The Most Commonly Faked Coins
As I’ve already mentioned in another of my posts, there are plenty of iffy coins in our system. Whilst this is clearly a pain in the ass, it is something we just have to live with. However, if you are on the lookout for a particularly rare coin, this is far more of a concern. Being out of pocket because of a dodgy two pound may sting a bit…. but being duped into buying a fake Kew Gardens is going to sting a whole lot more.
I have grouped together some of the prime suspects when it comes to rare coins which are frequently copied. I have also created my own ‘Fake Factor’ grading system (clever eh?) to illustrate which of these are the most difficult to spot and also where the most caution should be used. The Fake Factor score (out of 10) for each coin is determined by applying two key elements -
- How commonly a particular coin is copied and how likely you are to come across one
- The quality of the forgery and how difficult it is to spot a duffer
EEC Presidency 50p
Fake Factor – 6
Whilst there seems to be a plentiful supply of fake EEC Presidency fifty pences out there, I have only awarded it a relatively low score. And there is a very good reason for this. Forgeries of this coin are so laughably bad that the chances of you finding yourself inadvertently lumbered with one are actually quite remote. Google some images of each and you will soon understand!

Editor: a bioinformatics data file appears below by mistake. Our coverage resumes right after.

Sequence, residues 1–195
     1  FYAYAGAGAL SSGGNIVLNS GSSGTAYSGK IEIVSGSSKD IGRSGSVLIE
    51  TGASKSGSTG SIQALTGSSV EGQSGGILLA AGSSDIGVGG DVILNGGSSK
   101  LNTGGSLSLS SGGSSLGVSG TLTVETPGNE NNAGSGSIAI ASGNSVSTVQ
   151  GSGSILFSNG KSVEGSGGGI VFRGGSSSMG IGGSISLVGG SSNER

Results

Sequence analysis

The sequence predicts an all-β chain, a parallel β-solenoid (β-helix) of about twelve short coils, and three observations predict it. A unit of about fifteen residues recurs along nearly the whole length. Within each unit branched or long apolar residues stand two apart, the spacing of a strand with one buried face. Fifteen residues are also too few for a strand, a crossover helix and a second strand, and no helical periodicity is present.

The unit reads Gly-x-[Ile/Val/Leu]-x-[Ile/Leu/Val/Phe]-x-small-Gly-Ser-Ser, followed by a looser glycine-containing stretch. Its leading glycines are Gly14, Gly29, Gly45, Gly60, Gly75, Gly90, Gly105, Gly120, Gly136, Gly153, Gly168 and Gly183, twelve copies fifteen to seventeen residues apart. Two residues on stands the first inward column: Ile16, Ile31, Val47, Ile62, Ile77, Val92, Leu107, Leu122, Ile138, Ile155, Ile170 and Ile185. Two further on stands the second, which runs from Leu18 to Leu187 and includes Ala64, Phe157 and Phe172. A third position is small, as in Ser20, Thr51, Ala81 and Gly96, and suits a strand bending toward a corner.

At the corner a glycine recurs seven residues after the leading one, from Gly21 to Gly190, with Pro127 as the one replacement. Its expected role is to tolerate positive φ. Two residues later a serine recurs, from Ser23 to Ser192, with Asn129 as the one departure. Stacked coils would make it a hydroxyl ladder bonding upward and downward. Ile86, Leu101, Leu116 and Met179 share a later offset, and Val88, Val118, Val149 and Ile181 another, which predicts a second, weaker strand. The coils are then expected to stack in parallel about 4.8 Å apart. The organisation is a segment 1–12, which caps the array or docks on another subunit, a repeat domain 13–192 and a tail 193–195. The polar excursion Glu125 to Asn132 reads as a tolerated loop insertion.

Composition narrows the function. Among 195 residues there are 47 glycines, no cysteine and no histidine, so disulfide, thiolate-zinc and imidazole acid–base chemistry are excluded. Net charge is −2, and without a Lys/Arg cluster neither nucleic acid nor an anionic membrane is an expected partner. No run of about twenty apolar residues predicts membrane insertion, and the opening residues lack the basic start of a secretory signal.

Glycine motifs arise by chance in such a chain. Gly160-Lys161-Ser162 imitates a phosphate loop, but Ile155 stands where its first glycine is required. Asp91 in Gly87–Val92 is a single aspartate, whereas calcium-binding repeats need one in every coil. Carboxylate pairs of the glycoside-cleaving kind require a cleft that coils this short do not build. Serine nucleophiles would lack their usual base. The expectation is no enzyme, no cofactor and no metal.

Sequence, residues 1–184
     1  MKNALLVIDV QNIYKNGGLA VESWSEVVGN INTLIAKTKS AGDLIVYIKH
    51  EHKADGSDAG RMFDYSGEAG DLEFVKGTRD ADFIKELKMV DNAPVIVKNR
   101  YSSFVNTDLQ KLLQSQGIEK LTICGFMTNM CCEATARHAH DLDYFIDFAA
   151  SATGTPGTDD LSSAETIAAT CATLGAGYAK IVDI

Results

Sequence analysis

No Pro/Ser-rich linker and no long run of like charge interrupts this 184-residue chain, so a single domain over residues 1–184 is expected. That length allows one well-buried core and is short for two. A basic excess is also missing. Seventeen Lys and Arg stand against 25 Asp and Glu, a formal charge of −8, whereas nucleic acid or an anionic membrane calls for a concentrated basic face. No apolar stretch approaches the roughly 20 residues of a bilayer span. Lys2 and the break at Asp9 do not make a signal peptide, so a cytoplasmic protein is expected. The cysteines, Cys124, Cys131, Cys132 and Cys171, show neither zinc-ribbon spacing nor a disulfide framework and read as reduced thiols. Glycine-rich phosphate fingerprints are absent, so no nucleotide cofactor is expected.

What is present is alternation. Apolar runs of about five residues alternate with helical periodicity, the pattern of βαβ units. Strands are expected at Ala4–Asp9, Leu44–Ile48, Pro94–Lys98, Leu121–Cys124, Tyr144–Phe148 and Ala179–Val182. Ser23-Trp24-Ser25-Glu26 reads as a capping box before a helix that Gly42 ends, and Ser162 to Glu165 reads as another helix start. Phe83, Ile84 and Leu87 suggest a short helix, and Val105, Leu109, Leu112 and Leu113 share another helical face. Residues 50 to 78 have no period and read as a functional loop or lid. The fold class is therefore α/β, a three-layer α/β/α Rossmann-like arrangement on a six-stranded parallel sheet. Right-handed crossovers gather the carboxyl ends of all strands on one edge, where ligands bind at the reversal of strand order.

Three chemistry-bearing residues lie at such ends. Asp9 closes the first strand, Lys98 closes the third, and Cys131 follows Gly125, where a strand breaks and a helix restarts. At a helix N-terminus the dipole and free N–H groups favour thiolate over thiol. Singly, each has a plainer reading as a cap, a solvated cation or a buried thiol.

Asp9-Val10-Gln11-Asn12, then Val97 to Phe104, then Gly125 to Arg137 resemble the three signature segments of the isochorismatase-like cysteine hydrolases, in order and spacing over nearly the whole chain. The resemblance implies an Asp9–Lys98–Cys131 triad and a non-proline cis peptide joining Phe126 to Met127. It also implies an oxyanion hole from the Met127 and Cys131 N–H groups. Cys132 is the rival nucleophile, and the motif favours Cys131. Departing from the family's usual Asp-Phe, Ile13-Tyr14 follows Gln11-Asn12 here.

Kew Gardens 50p
Fake Factor 8
If you are after a Kew Gardens fifty pence, there is a very real risk of getting screwed over in a deal….. unless you have done your homework. It’s true, there really are thousands of fake Kews on the internet but these are also dead easy to spot as long as you know what you’re looking for. I purposely wrote a guide on this subject to make everyone savvy with tell-tale signs (I’m good like that) and it can be found HERE.
Fake Factor – 6
Again, copies of this particular coin are so obvious it has only attained a low score. There do seem to be a few duffers on the loose but not quite on the same scale as dodgy Kews. The usual things apply with this one – an ill-defined effigy, a lack of detail….. Not at all difficult to identify a suspicious one.
Aquatics 50p (First Design)
Fake Factor – 10
Now, this one is a very big concern. For two reasons…..
To begin with, this coin changes hands for A LOT of money. In fact, you will be lucky to pick one up for less than a grand.
The second reason is that a few of the fakes are actually very good. They have a high level of detail and you will need to be really on the ball to spot one. Remember to check the weight. Some forged Aquatics I have seen look perfect….. until you put them on the scales. It should weigh 8g. Accept nothing less (or more).
Take care, high risk!
Fake Factor - ?
I am not going to blag my way through this bit. Instead I am going to be completely honest with you. I know for a fact that there are fake Jemima Puddleduck fifty pences in our system and there are apparently thousands of them. What I don’t know at the time of writing is how convincing they are. Watch this space; I shall be updating you as soon as I have learnt more ;)
© Article and images (except where stated) copyright Mik Smith 2019